Jones said that there have been very few active nests spotted, including a webcam set up to observe the nesting of Barn Owls located at Audubon California Starr Ranch Sanctuary. “Birds are just not nesting,” she said. “They’re not laying eggs.”

Even though one Barn Owl egg was laid at Starr Ranch Sanctuary, it was abandoned by its mother because the male quit supplying her with food, Jones said.

Barn Owls can lay many eggs at a time, but even the lonesome egg could not be supported this March. The embryo later died after being completely ignored upon its mother’s return.

Jones said various species of bird are emaciated and are not exhibiting normal breeding behaviours.

The drought is impacting the entire ecosystem – because of a lack of grass, which inhibits insects and small mammals from reproducing, it has reduced the supply of a variety of species, not just birds, she said.

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Wildlife

Zebras make ‘longest trek in Africa’

At a time when mankind’s encroachment on habitats is increasingly leading species to extinction, scientists have discovered a mass migration of animals in Africa that reaches farther than any other documented on the continent.

The journey made by about 2 000 zebra who travelled between Namibia and Botswana, two countries in a sparsely populated part of southern Africa, was discovered by wildlife experts only after some of the zebras were collared with tracking devices.

The newfound migration is a rare bright spot at a time when mass movements of wildlife are disappearing because of fencing, land occupation and other human pressures.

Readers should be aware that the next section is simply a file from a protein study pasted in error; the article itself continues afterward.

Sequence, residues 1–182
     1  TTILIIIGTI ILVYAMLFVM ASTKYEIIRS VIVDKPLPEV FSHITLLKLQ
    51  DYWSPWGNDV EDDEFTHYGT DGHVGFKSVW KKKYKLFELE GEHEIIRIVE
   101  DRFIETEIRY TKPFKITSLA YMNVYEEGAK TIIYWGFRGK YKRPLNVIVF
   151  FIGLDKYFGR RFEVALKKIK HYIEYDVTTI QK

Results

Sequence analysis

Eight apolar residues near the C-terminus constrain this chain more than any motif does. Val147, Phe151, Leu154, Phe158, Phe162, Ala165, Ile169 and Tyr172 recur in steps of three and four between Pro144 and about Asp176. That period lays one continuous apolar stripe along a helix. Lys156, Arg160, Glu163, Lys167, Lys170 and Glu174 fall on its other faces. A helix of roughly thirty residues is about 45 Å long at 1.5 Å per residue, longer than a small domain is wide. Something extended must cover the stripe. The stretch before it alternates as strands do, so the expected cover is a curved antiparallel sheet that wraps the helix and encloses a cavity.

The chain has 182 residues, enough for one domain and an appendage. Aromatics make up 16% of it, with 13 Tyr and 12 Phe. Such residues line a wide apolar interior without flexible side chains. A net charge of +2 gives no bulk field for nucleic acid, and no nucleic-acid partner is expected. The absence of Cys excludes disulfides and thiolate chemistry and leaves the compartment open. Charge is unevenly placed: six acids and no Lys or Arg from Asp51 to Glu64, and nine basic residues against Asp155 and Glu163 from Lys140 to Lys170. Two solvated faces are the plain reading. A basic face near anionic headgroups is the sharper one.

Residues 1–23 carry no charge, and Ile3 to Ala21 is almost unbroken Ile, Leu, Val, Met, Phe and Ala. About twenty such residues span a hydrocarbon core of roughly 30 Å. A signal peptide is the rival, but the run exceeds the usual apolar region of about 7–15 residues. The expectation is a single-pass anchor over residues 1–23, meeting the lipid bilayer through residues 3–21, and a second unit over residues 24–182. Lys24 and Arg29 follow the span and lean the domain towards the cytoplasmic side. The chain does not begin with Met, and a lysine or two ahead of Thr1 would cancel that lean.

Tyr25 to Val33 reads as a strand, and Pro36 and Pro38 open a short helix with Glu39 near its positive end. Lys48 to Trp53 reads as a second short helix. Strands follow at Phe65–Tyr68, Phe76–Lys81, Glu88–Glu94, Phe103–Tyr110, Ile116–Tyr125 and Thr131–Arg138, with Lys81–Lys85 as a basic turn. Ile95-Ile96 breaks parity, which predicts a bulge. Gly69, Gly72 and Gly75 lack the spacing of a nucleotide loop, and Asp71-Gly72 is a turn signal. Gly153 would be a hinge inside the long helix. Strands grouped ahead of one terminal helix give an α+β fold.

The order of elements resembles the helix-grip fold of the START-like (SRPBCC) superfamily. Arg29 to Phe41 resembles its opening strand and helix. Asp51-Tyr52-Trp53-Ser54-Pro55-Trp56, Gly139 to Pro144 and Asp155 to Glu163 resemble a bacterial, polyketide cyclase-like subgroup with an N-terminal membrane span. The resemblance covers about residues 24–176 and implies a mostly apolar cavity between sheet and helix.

The previously unheralded trek occurs within the Kavango-Zambezi Transfrontier Conservation Area, which is the size of Sweden and encompasses national parks in Namibia, Botswana, Zimbabwe, Zambia and Angola.

The zebra odyssey encompasses a roundtrip journey of 500 kilometres, starting in floodplains near the Namibia-Botswana border at the beginning of the wet season. It follows a route across the Chobe River and ends at the seasonally full waterholes and nutritional grass of Nxai Pan National Park in Botswana. The zebras spend about 10 weeks there before heading back.

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Wildlife

More Whales Bringing More Collisions With Ships

A bumper population of whales feeding off the coast of New England appears to be responsible for the unusually high incidence of ships striking the marine mammals during recent weeks.

Of the three strikes during May, one involved a cruise ship hitting a sei whale and inadvertently dragging it into the Hudson River.

The attached dead animal was not discovered until the ship reached port.